The study of Electronic nose and vision and Handheld electronic nose (HEN) on detection of fermentation time during tea manufacturing process and assessment of quality of tea based on its aroma is limited. To the best of our knowledge there is no reported data on detection of fermentation time during manufacturing process and assessment of quality of tea based on its aroma through handheld electronic nose. Therefore, in this study an attempt was made to understand the impact of handheld electronic nose on detection of fermentation time and assessment of quality of black tea based on its aroma when compared with the chemical method. 


1 Materials and Methods

The trial was carried out on CTC (Crush, Tear and Curl) type of manufacturing with about 75% fine leaf standard. Orthodox teas were collected from different factories of south India.


1.1 Withering

Harvested shoots comprising the standard three leaves and a bud were spread at the rate of 3 kg/sq.ft on a withering trough and artificial wither was given using ambient air for a period of 16-18 hrs.


1.2 CTC Rolling

The withered leaves were passed through the CTC (Crush, Tear, & Curl) machine five times to get adequate maceration and the resultant cut dhool was passed on to fermentation.


1.3 Fermentation

The cut dhool was spread over fermenting trays at a thickness of 1.3-1.8 inches for a period of eighty-five minutes and the relative humidity was maintained between 89 and 92 %. Samples (cut dhool) were collected from fermenting trays at five minutes interval for detecting optimum fermentation time both by HEN and chemical method.


1.4 Drying

The fermented dhool was passed on to a mini fluid bed drier and hot air was blown through the tea with an inlet temperature of about 95-100C. After twenty minutes of drying, the dried tea with a moisture content of 2-3% was obtained. The tea was further graded used for the analysis of quality constituents. Samples of black tea were analysed for theaflavins (TF), thearubigins (TR), high polymerised substances (HPS), and total liquor colour (TLC) by Thanaraj and Seshadri, (1990) method. Water extract (WE) was estimated using Indian Standards (IS 13862:1999) and Crude fibre content (CFC) by ISO method (ISO 15598:1999 (E)). 


2 Results and Discussion

This experiment was carried out in two different popular tea clones namely TRF-1 (quality and high yield) and UPASI -9 (high yield and evergreen). Fermentation time of the above-mentioned clones were optimized by handheld electronic nose. In fermentation room, the temperature and relative humidity were maintained at 24.50C and 75 % respectively during the study period. For the clone TRF -1 the highest second peak was captured at 55 minutes and it was recorded at 65 minutes for the clone UPASI-9. Fermentation time was further extended to twenty minutes for the clones tested.  The cut dhool were dried at 95 to 1000C for twenty minutes and further graded as BOPL, BOP and RD. The dried teas were analysed for their quality constituents such as theaflavin (TF), thearubigin (TR), high polymerized substances (HPS) and total liquor colour (TLC). It is evident from Table 1 is that Theaflavin and Thearubigin were on the higher side when tea was subjected to optimum fermentation time of 55 minutes for clone TRF-1 and 65 minutes for clone UPASI- 9 when compared to 75 and 85 minutes. The cup quality was reported as good and balanced cup by the professional tasters for teas (55 mts optimized fermentation time). Whereas, it was reported as high coloured plain tea for teas were subjected to extended fermentation time (75 and 85 minutes). Total liquor colour increased when fermentation time increased. However, the theaflavin (TF) content decreased which is responsible for briskness and brightness of tea. The study also reveals that, even ten to twenty minutes variation in fermentation time leads to affect the theaflavin content in tea by 15 to 20 percent. The optimum fermentation time determined by handheld electronic nose was similar with the optimum fermentation time determined by chemical method (Figure 1; Figure 2). Chemical method for determining optimum fermentation time require more time, chemical and also laborious process. It requires small laboratory setup in factory premises. Handheld Electronic Nose is suitable alternate machine to overcome chemical method. Hence this instrument is suitable for determine the optimum fermentation time during tea manufacturing process.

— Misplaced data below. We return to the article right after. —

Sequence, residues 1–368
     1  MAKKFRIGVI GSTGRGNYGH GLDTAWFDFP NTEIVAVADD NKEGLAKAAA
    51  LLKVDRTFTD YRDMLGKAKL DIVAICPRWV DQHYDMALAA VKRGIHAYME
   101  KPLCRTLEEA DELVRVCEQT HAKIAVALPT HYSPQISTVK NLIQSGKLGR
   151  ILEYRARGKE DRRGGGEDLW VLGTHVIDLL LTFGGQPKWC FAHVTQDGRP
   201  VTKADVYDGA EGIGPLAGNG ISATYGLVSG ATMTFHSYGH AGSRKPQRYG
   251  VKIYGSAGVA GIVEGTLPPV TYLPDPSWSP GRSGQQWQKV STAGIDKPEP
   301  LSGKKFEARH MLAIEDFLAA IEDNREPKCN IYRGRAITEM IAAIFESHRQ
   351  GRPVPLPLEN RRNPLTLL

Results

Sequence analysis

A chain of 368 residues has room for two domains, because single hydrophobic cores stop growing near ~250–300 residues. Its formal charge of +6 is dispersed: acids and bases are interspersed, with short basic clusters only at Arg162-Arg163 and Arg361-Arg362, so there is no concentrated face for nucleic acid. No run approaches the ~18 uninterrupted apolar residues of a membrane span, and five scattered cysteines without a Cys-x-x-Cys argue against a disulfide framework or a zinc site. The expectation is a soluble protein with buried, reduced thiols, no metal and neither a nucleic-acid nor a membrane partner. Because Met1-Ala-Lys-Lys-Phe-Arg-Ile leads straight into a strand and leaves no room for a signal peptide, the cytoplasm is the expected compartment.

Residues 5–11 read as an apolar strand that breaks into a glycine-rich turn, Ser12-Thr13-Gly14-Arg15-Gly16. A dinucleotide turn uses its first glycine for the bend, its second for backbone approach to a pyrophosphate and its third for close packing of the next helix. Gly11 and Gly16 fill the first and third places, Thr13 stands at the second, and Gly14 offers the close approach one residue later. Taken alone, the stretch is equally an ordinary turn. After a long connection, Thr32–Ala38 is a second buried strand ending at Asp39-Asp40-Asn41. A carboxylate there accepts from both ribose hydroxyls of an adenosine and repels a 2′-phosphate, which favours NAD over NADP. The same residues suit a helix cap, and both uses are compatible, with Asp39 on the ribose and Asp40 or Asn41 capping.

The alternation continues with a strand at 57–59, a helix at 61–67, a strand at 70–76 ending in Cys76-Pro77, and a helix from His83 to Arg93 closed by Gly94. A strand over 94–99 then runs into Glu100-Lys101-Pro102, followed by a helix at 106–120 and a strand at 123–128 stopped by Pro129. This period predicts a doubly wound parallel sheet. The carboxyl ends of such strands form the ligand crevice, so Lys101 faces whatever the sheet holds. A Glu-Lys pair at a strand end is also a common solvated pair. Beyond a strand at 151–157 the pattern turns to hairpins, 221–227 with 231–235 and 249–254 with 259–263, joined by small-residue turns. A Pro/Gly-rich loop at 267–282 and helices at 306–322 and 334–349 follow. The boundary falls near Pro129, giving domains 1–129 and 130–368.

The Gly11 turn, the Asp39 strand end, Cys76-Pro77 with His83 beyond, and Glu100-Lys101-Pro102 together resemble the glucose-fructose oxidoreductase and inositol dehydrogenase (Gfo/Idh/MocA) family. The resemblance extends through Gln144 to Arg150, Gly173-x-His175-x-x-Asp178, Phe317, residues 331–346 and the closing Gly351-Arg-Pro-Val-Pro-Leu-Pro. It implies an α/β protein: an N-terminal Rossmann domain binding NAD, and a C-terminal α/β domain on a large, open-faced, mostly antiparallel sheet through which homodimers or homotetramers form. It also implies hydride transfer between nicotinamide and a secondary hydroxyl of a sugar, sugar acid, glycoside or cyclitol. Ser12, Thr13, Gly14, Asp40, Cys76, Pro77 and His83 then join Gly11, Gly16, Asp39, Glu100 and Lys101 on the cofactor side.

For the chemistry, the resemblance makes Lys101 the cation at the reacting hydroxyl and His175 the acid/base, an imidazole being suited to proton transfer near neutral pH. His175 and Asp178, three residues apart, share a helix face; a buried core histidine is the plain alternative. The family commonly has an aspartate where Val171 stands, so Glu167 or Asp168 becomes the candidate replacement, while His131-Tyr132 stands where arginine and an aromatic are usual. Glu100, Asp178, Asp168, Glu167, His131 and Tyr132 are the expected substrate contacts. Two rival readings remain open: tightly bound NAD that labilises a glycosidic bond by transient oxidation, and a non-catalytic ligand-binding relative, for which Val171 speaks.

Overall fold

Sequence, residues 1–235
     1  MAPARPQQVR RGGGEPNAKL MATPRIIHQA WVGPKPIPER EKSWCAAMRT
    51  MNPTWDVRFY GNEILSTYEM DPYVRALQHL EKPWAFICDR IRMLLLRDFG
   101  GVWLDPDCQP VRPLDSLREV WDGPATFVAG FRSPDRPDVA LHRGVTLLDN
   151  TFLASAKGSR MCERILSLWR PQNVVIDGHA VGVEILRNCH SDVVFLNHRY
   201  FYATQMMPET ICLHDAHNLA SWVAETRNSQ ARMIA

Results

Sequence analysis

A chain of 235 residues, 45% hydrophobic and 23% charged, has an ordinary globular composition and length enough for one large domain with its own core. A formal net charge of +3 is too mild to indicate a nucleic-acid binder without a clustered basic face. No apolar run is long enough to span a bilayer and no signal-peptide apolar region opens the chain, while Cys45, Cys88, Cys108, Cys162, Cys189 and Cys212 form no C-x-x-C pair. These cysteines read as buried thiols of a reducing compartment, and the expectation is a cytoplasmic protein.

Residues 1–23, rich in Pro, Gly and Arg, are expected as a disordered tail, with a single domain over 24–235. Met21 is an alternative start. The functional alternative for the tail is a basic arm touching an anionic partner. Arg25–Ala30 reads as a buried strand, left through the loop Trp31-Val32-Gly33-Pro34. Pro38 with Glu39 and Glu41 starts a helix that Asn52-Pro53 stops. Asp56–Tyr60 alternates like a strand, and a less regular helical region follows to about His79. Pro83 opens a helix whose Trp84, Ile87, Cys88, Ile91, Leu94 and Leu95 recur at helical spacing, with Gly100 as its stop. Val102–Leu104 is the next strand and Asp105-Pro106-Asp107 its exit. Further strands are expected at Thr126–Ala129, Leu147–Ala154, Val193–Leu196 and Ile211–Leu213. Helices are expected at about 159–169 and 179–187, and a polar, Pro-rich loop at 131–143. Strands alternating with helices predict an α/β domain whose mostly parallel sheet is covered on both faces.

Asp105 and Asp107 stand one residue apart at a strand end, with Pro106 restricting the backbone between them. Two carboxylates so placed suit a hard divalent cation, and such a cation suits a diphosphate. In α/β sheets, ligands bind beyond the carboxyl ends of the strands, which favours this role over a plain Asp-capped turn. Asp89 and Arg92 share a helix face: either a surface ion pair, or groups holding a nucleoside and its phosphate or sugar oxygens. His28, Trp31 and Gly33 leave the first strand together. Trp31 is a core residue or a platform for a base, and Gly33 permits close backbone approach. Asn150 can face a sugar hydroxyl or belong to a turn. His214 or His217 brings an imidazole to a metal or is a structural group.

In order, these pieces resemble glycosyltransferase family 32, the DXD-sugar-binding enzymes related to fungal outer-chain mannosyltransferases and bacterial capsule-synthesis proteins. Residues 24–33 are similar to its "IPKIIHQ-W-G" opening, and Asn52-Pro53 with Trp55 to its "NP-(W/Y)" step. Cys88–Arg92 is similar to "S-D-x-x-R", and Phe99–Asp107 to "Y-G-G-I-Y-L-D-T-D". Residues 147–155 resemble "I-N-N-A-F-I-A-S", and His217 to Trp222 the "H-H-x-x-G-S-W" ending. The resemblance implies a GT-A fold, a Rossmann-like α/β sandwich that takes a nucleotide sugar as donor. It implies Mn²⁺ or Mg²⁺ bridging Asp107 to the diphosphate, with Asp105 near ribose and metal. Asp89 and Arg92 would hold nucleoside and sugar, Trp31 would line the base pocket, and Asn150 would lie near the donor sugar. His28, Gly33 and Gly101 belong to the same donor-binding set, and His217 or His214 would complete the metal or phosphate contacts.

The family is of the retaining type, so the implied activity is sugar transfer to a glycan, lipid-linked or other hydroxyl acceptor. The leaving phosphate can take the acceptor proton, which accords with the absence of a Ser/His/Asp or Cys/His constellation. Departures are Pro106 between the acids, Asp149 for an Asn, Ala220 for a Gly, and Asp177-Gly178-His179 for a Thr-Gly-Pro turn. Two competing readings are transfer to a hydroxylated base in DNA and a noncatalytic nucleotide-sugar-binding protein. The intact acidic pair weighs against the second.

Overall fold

Table 1 Variation of quality of tea in different clones at different fermentation time detected by Handheld Electronic Nose (HEN)



Figure 1 Fermentation profile by HEN (aroma index)



Figure 2 Fermentation profile by chemical method (optical density)


Quality of different types of black tea such as whole leaf, brokens and fannings in orthodox category and leaf, fannings and dust in CTC category were studied based on their flavor by handheld electronic nose. It was compared with the organoleptic evaluation of teas by various professional tasters (Table 2; Table 3; Table 4; Table 5; Table 6; Table 7; Figure 3).



Table 2 Organoleptic evaluation of Orthodox whole leaf by different tasters Vs Handheld electronic nose



Table 3 Organoleptic evaluation of Orthodox broken by different tasters Vs Handheld electronic nose



Table 4 Organoleptic evaluation of Orthodox fannings by different tasters Vs Handheld electronic nose



Table 5 Organoleptic evaluation of CTC leaf by different tasters Vs Handheld electronic nose



Table 6 Organoleptic evaluation of CTC fannings by different tasters Vs Handheld electronic nose



Table 7 Organoleptic evaluation of CTC dust by different tasters Vs Handheld electronic nose



Figure 3 Relationship between taster’s score and aroma score, aroma Index derived from Handheld electronic nose (HEN)

Note: A-C: CTC black tea; D-F: Orthodox; AS: Aroma score; AI: Aroma Index; A: CTC Fannings; B: CTC Dust; C: CTC Leaf; D: Orthodox Broken; E: Orthodox Whole Leaf; and F: Orthodox Fannings; X axis: mean of five taster’s score (unitless); Y axis: Aroma score and index (unitless)



The authors thank Dr. B. Radhakrishnan, Director, UPASI Tea Research Foundation for constant encouragement and facilities. Thanks, are also due to CDAC, Kolkata for providing the instrument.